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REGISTER AND STYLE

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  • 1. Register & StyleAssignment of: sociolinguisticsAssignment topic :register and styleSubmitted on: 12th dec.2012 Page 1 of 17
  • 2. Register & StyleIn sociolinguistics, a general term for any distinctive form of a language or linguistic expressionis Language varieties. Linguists commonly use language variety, as a cover term for any of theoverlapping subcategories of a language, including dialect, idiolect, register, and social dialect.Its clear that there are many systematic differences between different languages. By“systematic” we mean describable by rules. Languages also contain many levels of internalvariation, related to such variables as age, region, socioeconomic status, group identification,and others. Internal Variation is the property of languages having different ways of expressingthe same meaning. Importantly, this refers to within language, not across language, differences.In spite of internal variation there are two major varieties of language i.e. dialect and register.According to M.A.K. Halliday, there are two main types of variation in language, social andfunctional. Dialects are characterized by social or regional variationDialect is a complex concept, for linguists a dialect is the collection of attributes (phonetic,phonological, syntactic, morphological, and semantic) that make one group of speakersnoticeably different from another group of speakers of the same language. So dialect is a varietyrelated to user. A dialect spoken by one individual is called an idiolect. Everyone has smalldifferences between their language and the language which people use to communicate, creatinga minimal dialect".1Every native speaker is normally in command of several different language styles, calledregisters, which are varied according the formality of the occasion, and the medium used(speech, writing, or sign).The register and style are the study objects of our project. The major purpose of selecting thistopic is to understand the significance of different registers impinge on English language. Styledistributes English language in two categories i.e. formal and vernacular. So, register and stylebeing the foundation of our venture allows appreciating different varieties in English language.1 http://www.ling.ohio-state.edu/ Page 2 of 17
  • 3. Register & StyleHalliday the father of register, defines it as the relationship between language (and other semioticforms) and the features of the context. Register is also used to indicate degrees of formality inlanguage use. Register is a semantic phenomenon in the sense that „register is the clustering ofsemantic features according to situation type‟. As Figure 1 shows, the semantic stratum is, forHalliday, where language interfaces with the eco-social environment. At this interface, register is„the necessary mediating concept that enables us to establish the continuity between a text and itssocio semiotic environment‟. Halliday’s Register 2The concept of linguistic register has been described by Trudgill as follows:“Linguistic varieties that are linked to occupations, professions or topics have been termedregisters. The register of law, for example, is different from the register of medicine, which inturn is different from the language of engineering and so on. Registers are usually characterized2 http://ro.uow.edu.au/cgi/viewcontent.cgi?article=1634&context=artspapers&sei-redir=1&referer=http%3A%2F%2Fwww.google.com%2Fsearch%3Fq%3Dregister%2Baccording%2Bto%2Bhalliday%26hl%3Den%26biw%3D%26bih%3D%26gbv%3D2%26gs_l%3Dheirloom-hp.3.2.0l10.5833.13757.0.16700.19.14.1.4.5.0.554.2850.3j5j4j1j0j1.14.0...0.0...1c.1.ZzFcyYEmZH8%26oq%3Dregister%2Baccording%2B#search=%22register%20according%20halliday%22 Page 3 of 17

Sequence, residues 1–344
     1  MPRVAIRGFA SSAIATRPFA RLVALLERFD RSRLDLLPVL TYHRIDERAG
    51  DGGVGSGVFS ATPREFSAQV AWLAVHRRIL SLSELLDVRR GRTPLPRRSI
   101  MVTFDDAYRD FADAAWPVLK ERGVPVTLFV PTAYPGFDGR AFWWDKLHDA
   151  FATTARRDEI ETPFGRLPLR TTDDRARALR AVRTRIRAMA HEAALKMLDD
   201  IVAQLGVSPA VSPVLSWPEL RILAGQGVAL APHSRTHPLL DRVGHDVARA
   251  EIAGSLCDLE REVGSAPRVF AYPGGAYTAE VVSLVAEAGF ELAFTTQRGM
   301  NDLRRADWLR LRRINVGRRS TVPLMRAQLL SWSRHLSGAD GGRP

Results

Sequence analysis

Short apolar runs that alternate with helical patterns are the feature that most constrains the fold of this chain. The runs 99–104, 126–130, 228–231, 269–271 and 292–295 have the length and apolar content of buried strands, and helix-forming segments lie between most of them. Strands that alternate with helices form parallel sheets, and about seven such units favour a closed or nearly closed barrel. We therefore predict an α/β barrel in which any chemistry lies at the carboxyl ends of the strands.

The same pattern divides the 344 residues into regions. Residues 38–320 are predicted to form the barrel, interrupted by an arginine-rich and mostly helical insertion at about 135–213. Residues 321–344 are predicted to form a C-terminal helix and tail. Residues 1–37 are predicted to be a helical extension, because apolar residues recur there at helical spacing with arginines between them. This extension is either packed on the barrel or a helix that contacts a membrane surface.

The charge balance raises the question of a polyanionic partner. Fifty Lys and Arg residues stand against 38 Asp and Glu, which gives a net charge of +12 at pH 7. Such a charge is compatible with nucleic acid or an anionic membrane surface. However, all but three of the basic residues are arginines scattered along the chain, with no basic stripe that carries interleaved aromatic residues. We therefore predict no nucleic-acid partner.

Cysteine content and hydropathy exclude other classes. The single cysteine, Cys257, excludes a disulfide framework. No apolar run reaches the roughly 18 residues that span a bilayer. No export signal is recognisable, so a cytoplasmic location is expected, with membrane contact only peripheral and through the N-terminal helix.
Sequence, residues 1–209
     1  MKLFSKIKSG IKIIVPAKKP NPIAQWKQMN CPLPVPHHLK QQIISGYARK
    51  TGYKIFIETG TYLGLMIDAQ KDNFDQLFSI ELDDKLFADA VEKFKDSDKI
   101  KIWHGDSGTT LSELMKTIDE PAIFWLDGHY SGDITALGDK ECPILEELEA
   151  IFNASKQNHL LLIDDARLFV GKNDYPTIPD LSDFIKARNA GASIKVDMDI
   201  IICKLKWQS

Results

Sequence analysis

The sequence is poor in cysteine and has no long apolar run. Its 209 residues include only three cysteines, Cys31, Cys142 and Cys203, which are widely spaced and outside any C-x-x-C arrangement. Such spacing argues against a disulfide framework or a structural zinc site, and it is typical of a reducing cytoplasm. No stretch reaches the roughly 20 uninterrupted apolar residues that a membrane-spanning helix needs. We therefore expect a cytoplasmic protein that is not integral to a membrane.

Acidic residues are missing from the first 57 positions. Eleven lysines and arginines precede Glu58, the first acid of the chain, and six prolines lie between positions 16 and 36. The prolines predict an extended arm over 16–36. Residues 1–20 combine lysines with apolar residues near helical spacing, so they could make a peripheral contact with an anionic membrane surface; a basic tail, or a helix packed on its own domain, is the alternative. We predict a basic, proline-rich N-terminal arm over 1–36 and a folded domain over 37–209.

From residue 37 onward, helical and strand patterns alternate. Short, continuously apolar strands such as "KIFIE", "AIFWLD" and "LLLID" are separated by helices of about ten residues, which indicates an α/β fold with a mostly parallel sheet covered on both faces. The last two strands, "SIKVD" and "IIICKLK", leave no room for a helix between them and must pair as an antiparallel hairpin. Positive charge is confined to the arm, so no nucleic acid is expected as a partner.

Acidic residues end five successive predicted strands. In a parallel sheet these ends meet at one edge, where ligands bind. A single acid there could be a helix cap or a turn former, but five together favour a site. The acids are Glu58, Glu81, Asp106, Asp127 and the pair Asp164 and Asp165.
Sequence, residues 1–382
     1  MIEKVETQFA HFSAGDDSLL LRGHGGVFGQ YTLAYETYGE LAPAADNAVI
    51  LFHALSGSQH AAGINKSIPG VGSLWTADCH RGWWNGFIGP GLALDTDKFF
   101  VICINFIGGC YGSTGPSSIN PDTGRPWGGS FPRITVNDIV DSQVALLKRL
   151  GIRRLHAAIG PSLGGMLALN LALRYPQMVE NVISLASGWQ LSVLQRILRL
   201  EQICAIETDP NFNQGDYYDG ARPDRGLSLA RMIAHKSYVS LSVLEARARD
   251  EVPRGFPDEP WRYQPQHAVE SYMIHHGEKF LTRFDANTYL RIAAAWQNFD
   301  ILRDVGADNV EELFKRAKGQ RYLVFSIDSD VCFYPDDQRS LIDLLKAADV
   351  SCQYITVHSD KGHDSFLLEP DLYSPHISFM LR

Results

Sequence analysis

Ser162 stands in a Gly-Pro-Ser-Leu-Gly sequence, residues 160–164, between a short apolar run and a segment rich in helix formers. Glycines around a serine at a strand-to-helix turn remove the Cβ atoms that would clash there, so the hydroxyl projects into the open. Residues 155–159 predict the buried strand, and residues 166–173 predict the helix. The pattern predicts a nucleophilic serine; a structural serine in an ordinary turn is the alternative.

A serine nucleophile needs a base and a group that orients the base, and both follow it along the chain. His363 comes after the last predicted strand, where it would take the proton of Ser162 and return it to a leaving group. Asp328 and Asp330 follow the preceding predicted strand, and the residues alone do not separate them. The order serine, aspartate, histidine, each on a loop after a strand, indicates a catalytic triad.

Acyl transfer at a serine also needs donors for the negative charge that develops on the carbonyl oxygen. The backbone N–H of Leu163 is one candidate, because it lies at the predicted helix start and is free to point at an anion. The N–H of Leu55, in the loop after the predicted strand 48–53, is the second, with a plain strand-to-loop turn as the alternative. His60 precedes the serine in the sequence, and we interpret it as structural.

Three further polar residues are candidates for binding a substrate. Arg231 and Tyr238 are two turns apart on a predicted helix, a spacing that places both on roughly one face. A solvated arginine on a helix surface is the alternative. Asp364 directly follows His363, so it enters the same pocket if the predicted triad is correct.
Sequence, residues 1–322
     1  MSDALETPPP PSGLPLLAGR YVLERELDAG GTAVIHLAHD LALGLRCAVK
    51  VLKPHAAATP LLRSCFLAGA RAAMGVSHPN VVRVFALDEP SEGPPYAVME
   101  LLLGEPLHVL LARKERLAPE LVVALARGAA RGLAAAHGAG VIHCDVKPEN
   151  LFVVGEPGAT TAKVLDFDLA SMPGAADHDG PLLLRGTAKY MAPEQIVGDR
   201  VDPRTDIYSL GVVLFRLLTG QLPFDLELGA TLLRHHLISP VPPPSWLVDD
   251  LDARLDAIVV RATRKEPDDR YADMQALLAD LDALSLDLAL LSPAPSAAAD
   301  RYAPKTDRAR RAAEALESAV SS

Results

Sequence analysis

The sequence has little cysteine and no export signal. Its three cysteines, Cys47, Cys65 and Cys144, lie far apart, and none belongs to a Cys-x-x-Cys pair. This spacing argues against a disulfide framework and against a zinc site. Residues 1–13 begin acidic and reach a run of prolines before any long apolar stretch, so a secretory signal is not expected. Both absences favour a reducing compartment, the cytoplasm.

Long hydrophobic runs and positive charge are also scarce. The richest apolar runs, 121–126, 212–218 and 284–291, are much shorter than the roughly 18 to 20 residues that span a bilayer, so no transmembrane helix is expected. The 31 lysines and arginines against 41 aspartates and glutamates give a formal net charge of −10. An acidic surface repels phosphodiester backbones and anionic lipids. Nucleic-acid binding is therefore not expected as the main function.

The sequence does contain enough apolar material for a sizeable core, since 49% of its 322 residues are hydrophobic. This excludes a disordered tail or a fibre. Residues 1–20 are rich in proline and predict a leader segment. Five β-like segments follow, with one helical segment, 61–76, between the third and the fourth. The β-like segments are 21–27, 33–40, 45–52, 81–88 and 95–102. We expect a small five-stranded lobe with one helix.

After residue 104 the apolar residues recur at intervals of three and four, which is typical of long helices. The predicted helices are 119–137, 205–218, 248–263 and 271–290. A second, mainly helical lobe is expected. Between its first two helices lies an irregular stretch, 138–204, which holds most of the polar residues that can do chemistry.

• 4. Register & Stylesolely by vocabulary differences; either by the use of particular words, or by the use of words ina particular sense.”3Registers are kind of language produced by the social situation. As Ferguson said, “peopleparticipating in recurrent communication situations tend to develop similar vocabularies, similarfeatures of intonation, and characteristic bits of syntax and phonology that they use in thesesituations.”Halliday categorized linguistic features (specific expressions, lexico-grammatical andphonological features) in the three dimensions of field, mode and tenor which help to determinethe functional variety of a language .These three parameters can be used to specify the context ofsituation in which language is used. Field, tenor and mode are called register variables and adescription of the values for each of these variables at a given time of language use is a registerdescription of a text4.Field of discourse is defined as “the total event, in which the text is functioning, together withthe purposive activity of the speaker or writer; it thus includes the subject-matter as oneelement in it”. The field describes activities and processes that are happening at the time ofspeech. The analysis of this parameter focuses on the entire situation, e.g. when a mother talks toher child. The field of discourse has to do with the focus of the activity, in which we areengaged, to recognize the culture. It refers to what is happening, to the nature of the social actionthat is taking place, what the participants are engaged in.Similarly, Gregory and Carroll state that the field of discourse is the consequence of the userspurposive role, what his language is about, what experience he is verbalizing, what is going onthrough language. Sometimes field can be glossed as the topic of the situation but Martinsdefines it in terms of institutional focus, or social activity type is more useful to capture the fieldin situations where language is accompanying action.3 http://ccat.sas.upenn.edu/~haroldfs/messeas/regrep/node2.html4 Revista Alicantina de Estudios Ingleseshttp://rua.ua.es/dspace/bitstream/10045/5174/1/RAEI_19_09.pdf Page 4 of 17